Efficacy of immunoglobulin plus prednisolone for prevention of coronary artery abnormalities in severe Kawasaki disease (RAISE study)


The use of steroid therapy in Kawasaki disease (KD) has a long and complicated history. A recent well-designed randomised controlled trial (RCT) provides strong evidence that the addition of a prolonged course of steroids to the standard treatment of intravenous immunoglobulin (IVIG) and aspirin significantly improves coronary artery (CA) outcomes in Japanese children at high risk of IVIG non-response.[1] Of 2014 KD patients, only the 248 (12%) at high risk of IVIG failure were included, based on the authors' severity score. The incidence of CA abnormalities during the study period was 4/121 (3%) in the steroid treatment group and 28/121 (23%) in the standard treatment group (P < 0.0001); number needed to treat (NNT) to prevent CA abnormalities was five. At week 4, the incidence of CA abnormalities was 4/120 (3%) in the steroid treatment group and 15/120 (13%) in the standard treatment group (P = 0.014); NNT was 10.

These are impressive results. Other findings also suggest that steroids may be of benefit in those at highest risk of IVIG non-response. A RCT of adjunctive primary steroids in an unselected KD population in the USA failed to show any benefit on CA outcomes (albeit with a shorter and different steroid regimen to the Japanese study).[2] However, a post hoc subgroup analysis of those who subsequently required IVIG retreatment suggested a significant beneficial effect on CA outcomes.[2]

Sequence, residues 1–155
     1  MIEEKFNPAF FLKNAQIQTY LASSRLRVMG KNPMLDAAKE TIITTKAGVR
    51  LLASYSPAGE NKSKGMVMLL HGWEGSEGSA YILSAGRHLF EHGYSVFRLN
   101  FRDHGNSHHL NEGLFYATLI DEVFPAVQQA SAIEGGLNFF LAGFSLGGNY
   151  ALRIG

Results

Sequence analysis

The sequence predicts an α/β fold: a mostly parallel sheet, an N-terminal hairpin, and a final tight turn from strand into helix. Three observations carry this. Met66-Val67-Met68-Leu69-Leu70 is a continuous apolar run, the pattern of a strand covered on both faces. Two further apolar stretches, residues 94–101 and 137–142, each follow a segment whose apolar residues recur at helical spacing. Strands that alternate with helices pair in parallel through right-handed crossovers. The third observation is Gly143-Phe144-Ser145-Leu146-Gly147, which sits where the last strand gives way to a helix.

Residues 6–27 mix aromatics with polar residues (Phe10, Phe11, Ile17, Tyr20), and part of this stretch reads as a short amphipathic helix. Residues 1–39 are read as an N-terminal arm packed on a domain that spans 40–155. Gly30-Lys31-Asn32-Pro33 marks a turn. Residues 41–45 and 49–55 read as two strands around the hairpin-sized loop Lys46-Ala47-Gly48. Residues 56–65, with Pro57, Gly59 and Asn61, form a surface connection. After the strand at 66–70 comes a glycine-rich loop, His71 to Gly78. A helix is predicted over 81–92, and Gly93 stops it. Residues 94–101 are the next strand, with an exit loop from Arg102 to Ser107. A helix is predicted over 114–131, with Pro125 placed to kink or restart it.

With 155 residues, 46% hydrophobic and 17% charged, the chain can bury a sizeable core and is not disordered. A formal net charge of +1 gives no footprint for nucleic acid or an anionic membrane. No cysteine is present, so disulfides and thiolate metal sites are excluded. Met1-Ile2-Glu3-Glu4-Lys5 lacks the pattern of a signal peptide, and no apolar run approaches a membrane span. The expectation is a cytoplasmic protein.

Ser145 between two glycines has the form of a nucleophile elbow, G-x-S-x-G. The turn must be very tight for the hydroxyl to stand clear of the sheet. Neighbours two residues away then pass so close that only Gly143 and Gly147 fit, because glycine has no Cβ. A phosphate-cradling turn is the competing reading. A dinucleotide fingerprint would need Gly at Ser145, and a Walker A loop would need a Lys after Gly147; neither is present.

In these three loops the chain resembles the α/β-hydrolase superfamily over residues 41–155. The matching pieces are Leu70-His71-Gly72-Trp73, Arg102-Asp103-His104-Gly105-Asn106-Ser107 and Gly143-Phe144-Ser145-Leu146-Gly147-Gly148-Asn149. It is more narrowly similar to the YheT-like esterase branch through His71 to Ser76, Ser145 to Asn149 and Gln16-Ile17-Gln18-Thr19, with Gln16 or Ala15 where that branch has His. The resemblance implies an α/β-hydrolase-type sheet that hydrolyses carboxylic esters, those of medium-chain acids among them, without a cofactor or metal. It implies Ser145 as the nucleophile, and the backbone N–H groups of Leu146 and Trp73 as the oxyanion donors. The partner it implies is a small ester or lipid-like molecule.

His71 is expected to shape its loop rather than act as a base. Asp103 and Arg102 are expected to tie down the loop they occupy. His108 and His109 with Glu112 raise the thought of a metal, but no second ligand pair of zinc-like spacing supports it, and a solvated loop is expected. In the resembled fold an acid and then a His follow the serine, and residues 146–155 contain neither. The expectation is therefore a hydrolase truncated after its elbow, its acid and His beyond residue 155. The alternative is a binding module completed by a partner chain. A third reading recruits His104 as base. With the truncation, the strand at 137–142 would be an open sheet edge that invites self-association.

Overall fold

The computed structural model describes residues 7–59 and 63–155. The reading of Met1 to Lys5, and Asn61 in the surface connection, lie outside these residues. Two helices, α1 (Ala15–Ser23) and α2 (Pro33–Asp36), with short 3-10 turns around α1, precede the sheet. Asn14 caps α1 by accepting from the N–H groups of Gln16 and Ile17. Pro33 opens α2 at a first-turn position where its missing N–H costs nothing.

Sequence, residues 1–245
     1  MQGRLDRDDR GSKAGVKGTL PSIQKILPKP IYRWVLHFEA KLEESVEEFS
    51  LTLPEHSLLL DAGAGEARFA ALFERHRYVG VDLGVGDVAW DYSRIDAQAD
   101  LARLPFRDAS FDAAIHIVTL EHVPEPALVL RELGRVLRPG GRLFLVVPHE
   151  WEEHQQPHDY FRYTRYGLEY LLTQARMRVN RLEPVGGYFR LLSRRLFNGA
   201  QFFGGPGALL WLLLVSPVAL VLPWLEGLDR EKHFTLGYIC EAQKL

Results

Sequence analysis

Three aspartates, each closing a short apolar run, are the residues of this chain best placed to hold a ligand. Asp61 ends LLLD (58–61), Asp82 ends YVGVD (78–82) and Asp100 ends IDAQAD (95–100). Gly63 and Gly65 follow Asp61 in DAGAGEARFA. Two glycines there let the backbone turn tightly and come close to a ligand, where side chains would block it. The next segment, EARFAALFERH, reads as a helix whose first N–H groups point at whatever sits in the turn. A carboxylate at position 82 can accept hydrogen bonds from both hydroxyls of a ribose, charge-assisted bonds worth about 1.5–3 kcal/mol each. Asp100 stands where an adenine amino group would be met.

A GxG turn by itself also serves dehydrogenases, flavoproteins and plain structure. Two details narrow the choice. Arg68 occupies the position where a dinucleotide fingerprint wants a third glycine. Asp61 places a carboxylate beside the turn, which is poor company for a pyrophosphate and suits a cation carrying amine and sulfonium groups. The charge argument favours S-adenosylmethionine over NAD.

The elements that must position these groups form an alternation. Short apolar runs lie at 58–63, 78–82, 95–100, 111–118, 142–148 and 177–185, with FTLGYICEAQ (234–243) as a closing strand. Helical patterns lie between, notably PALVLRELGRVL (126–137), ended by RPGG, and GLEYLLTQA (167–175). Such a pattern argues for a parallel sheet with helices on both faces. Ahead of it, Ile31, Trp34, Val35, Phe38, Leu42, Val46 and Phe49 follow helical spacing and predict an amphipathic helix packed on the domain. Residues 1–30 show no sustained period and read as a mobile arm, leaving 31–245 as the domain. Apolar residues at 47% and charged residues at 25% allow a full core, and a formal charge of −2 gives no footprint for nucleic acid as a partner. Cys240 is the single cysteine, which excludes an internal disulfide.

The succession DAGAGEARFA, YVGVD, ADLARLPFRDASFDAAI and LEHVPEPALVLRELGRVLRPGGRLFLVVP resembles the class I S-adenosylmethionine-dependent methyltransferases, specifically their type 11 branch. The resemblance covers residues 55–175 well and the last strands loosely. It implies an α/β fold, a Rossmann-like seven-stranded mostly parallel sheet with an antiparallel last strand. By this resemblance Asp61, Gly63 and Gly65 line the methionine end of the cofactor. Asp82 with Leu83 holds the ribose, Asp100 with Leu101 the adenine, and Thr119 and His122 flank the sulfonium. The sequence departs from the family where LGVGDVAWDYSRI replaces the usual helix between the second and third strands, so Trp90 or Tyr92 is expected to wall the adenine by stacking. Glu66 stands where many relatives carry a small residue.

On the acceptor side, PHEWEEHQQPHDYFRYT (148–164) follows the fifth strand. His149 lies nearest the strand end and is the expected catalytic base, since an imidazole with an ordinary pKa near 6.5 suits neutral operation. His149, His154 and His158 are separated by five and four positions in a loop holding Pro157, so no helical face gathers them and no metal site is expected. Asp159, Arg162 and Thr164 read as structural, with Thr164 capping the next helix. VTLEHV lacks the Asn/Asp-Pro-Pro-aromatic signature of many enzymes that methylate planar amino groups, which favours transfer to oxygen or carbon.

Caution is warranted in generalising the RAISE study findings as there are important differences between the study population and KD patients outside Japan.[3] Crucially, Japanese risk-scoring systems, including that used in the RAISE study, have reasonable specificity but unacceptably low sensitivity in non-Japanese populations.[4] There are other potentially important differences in the RAISE study: treatment was commenced at a median of day 4, which is earlier than is usual in Australia and other non-Japanese populations. Finally, the steroid regimen is partly intravenous and relatively prolonged, potentially increasing inpatient costs.

The development of severity scores predictive of IVIG non-response in non-Japanese patients would allow further studies of adjunctive regimens, including steroids, in those with the most severe KD.

Reviewers: Katherine Chen, Katherine.chen@rch.org.au; David Burgner, david.burgner@mcri.edu.au; Nigel Curtis, nigel.curtis@rch.org.au

Ancillary